It’s not a novel, nor a biography, but “The Black Virgin and the Thug” just published by Xavier-Marie Garcette is a real success, and reads like a… novel. Meeting with the author, who relates with talent the passion of the musician Francis Poulenc, for the Black Madonna of Rocamadour.
You put “novel” on the cover of your book, but it’s all true. Nor is it a biography. How do you qualify your work?
Biographies of musicians are often written by musicologists. There are many. Let’s say it’s part of a fictionalized biography. I rather wanted to identify the personality of Francis Poulenc and his relationship with Rocamadour. I discovered this story while on vacation in Sarlat, I was visiting the city of Quercy. I had spent the day in the crowd and the heat.
And on the forecourt of the basilica, I discovered the museum of sacred art Francis Poulenc. There was no one there and it was air conditioned. I saw there many liturgical objects offered by the musician to the sanctuary, in recognition of his conversion in August 1936. I was then general manager of a bank which finances local communities, and I was looking for an opportunity to create an operation sponsorship in Brive. I had an appointment with a musicologist who wanted to organize a Francis Poulenc competition in Brive. All this made me want to know more and write this book.
The Black Madonna, we guess, but why the rogue?
The life of Francis Poulenc is very romantic and the character is nothing but a paradox. Critic Claude Rostand said of him: “There is a monk and a rogue in Francis Poulenc. He was everything, and the opposite of everything.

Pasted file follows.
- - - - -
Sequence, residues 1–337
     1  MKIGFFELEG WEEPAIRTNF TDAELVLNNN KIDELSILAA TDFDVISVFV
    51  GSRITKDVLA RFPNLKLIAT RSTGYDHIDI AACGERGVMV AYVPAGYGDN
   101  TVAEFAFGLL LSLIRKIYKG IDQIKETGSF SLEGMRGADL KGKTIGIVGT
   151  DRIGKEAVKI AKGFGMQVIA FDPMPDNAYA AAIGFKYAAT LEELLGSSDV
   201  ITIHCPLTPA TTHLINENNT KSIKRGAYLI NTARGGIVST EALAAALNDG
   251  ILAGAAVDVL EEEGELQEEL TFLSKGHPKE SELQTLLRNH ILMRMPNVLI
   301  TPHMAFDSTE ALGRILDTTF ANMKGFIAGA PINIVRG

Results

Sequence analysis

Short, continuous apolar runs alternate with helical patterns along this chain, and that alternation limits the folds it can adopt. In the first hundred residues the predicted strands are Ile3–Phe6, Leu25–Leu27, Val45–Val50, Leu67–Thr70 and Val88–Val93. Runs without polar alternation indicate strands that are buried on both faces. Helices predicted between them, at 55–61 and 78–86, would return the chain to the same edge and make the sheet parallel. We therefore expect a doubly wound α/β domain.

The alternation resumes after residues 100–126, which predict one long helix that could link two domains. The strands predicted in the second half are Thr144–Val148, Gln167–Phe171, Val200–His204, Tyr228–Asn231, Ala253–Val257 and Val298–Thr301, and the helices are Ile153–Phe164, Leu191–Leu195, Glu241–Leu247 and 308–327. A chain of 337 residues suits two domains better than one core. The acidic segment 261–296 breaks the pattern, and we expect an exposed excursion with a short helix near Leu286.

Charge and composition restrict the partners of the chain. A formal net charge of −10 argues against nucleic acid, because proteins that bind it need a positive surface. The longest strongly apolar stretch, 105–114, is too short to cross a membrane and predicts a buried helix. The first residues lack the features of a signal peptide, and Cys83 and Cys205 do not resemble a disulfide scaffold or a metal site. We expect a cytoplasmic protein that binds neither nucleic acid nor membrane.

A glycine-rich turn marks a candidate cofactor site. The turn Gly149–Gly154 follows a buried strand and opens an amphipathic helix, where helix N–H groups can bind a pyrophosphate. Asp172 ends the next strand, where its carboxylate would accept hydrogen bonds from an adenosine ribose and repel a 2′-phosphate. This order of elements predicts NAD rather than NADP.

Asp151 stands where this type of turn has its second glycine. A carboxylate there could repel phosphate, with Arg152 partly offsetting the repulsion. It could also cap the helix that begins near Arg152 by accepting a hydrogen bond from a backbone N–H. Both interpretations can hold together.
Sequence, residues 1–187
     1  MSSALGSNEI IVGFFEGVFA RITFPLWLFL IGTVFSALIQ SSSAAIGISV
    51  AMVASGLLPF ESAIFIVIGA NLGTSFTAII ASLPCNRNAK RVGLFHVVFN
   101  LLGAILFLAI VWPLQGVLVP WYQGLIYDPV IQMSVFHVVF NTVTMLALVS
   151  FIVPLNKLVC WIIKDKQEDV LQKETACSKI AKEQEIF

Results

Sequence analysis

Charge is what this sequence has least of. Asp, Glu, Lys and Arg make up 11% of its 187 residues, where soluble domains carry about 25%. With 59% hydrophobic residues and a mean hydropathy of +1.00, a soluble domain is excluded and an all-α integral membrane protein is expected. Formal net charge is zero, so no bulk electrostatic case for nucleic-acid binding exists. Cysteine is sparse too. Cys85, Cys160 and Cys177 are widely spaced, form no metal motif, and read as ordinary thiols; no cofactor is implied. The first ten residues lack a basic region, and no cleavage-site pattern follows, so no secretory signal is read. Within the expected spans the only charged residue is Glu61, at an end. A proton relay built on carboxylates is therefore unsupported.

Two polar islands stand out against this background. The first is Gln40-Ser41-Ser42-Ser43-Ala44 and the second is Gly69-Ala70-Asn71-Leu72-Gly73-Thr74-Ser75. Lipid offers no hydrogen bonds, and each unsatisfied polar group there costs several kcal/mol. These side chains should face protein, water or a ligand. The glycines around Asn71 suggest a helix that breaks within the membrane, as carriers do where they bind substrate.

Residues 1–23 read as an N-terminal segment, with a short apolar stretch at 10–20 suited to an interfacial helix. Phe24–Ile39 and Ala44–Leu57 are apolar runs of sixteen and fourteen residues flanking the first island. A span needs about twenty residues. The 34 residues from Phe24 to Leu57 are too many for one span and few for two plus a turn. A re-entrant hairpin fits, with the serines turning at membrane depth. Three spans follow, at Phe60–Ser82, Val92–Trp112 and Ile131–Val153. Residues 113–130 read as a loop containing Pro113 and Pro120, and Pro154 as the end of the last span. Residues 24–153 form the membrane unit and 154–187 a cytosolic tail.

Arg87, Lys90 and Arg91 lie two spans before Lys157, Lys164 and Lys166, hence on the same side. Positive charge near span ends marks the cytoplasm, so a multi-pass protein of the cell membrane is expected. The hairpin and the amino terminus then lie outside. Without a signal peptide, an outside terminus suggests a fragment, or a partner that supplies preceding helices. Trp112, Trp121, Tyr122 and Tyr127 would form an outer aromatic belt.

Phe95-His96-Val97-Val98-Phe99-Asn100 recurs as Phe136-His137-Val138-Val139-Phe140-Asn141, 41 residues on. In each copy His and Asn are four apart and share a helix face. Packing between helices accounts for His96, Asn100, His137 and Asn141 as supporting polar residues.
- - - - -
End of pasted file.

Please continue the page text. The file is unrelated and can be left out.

He was a great composer and a recognized pianist. He was born to a convinced Catholic father from Aveyron and a mother very attached to the canaille atmosphere of the guinguettes. Each year, he toured Europe with the baritone Pierre Bernac, which he prepared under the direction of a singing teacher, Yvonne Gouverné d’Uzerche. It was she who introduced Rocamadour to the composer.
“Poulenc is both worldly and popular, impulsive and neurasthenic, fickle and faithful, masculine and feminine”
What is the origin or trigger of his conversion?
His father had already told him about Rocamadour as an extraordinary place of pilgrimage, but it was during one of his stays in Uzerche with Yvonne Gouverné that he discovered the site. As soon as he enters the chapel, facing the Black Madonna, he is literally paralyzed to the point of spending a long time there without moving. He will spend the following night composing his “Litanies to the Black Virgin”, which will be followed by numerous religious pieces.
Did his conversion change the course of his life?
Not at all, he remained the misguided “thug” that he was, but with a pronounced taste for shady places. An assumed homosexual, his conversion did not change the course of his life. A world has been created with two parallel and compartmentalised paths.
Apart from his prodigious work and his talent as a pianist, what do you remember of the character?
The discovery of an extremely friendly and endearing man despite all his faults. There is not an ounce of malice in him. He is both worldly and popular, impulsive and neurasthenic, fickle and faithful, masculine and feminine. But he is frank, does not try to pass for what he is not. Very faithful in friendship, funny and cultured, his complexity means that you can’t help but love him.